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The Experiences of Migrant Job Seekers, Looking for Work Online

Research output: ThesisDoctoral Thesis

  • Denise de Pauw
Publication date2022
Number of pages293
Awarding Institution
Award date25/01/2022
  • Lancaster University
<mark>Original language</mark>English


Employment is acknowledged as an important mechanism for migrant integration, yet finding work can be difficult, even for highly skilled professionals. Substantial research exists on employment, recruitment, migrant workers, inclusion, and work-related language and literacy skills, yet little of this is directly concerned with job- seeking literacy practices, and specifically, online job applications. This study contributes to the literature on employment support for migrants by focusing on online mediated job applications, and would be relevant to those supporting any jobseekers, not only migrants.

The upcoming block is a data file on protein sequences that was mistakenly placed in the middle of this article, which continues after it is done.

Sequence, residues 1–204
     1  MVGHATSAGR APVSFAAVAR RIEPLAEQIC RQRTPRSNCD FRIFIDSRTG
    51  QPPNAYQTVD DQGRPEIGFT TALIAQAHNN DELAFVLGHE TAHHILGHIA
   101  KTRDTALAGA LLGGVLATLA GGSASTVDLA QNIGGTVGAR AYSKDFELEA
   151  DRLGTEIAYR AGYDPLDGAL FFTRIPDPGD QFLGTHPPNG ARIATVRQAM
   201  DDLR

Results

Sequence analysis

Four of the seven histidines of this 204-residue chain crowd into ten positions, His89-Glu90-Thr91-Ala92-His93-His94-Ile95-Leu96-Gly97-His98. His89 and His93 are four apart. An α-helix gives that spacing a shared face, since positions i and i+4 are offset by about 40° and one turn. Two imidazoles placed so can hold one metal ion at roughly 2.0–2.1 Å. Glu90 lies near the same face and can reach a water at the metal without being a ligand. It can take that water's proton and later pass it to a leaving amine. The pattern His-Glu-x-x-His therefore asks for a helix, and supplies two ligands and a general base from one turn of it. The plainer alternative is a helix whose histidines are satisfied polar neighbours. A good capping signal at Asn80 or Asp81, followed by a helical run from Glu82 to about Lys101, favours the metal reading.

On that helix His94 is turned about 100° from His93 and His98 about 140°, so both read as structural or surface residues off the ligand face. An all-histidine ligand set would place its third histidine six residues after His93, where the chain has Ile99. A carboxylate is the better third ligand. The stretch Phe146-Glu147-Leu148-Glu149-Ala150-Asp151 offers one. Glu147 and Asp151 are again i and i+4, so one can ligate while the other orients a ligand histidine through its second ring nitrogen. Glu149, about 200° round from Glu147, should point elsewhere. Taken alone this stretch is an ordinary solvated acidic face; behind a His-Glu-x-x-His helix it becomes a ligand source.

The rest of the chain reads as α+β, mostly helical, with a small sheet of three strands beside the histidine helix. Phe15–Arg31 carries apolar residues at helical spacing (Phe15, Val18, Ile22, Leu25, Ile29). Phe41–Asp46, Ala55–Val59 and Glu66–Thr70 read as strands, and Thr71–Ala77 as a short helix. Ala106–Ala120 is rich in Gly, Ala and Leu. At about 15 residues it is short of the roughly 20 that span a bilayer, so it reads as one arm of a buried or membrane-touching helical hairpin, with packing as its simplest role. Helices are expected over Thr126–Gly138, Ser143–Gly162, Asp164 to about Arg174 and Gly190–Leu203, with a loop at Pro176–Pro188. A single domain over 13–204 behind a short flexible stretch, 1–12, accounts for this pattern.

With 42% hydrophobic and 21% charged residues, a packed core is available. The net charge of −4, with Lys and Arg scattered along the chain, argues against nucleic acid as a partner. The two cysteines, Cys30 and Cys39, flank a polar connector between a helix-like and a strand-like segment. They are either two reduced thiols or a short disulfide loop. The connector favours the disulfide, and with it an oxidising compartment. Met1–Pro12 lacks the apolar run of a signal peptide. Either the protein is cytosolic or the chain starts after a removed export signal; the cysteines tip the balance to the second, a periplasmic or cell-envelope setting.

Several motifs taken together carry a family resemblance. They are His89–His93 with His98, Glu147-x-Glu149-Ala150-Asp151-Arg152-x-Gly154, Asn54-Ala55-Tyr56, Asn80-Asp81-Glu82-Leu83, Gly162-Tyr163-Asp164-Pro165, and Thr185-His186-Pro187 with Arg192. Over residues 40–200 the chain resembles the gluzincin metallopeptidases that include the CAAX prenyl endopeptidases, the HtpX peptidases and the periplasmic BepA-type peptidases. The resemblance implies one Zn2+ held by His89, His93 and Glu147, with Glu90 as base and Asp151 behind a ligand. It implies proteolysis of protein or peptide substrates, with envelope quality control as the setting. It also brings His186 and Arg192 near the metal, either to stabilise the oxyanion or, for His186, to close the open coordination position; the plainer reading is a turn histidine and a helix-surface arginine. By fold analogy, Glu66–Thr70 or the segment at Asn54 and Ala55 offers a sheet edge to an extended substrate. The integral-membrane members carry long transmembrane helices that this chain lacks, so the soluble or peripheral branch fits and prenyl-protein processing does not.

Using an ethnographic approach, three case studies were conducted, concerning migrant jobseekers in England from different age groups, linguistic and educational backgrounds. Video recordings, job-seeking texts and field notes were collected, and semi-scripted interviews were conducted. The data was analysed using mediated discourse analysis, drawing on literacy practices and activity theory.
This study identifies how digital mediation structures online recruitment by privileging the literacy practices associated with globally networked sophisticated digital information managers. It contributes job search literacies as an addition to other employability literacies, such as self-promotion (e.g. Bhatia, 1993) and reading the market (Del Percio, 2018), necessary for online jobseekers. It theorises online job- seeking as a recursive self-appraisal cycle, which begins with searching, and during which career identity is continually adjusted in relation to perceptions of the job criteria and motivation, as the application progresses. Accurate self-appraisal and formulating a credible career identity require the development of employability literacies underpinned by specialised advice, from the relevant field of employment, and the study concludes that this is where employability support should be focused. This support is vital for highly educated and low educated migrants alike, looking for paid and unpaid work.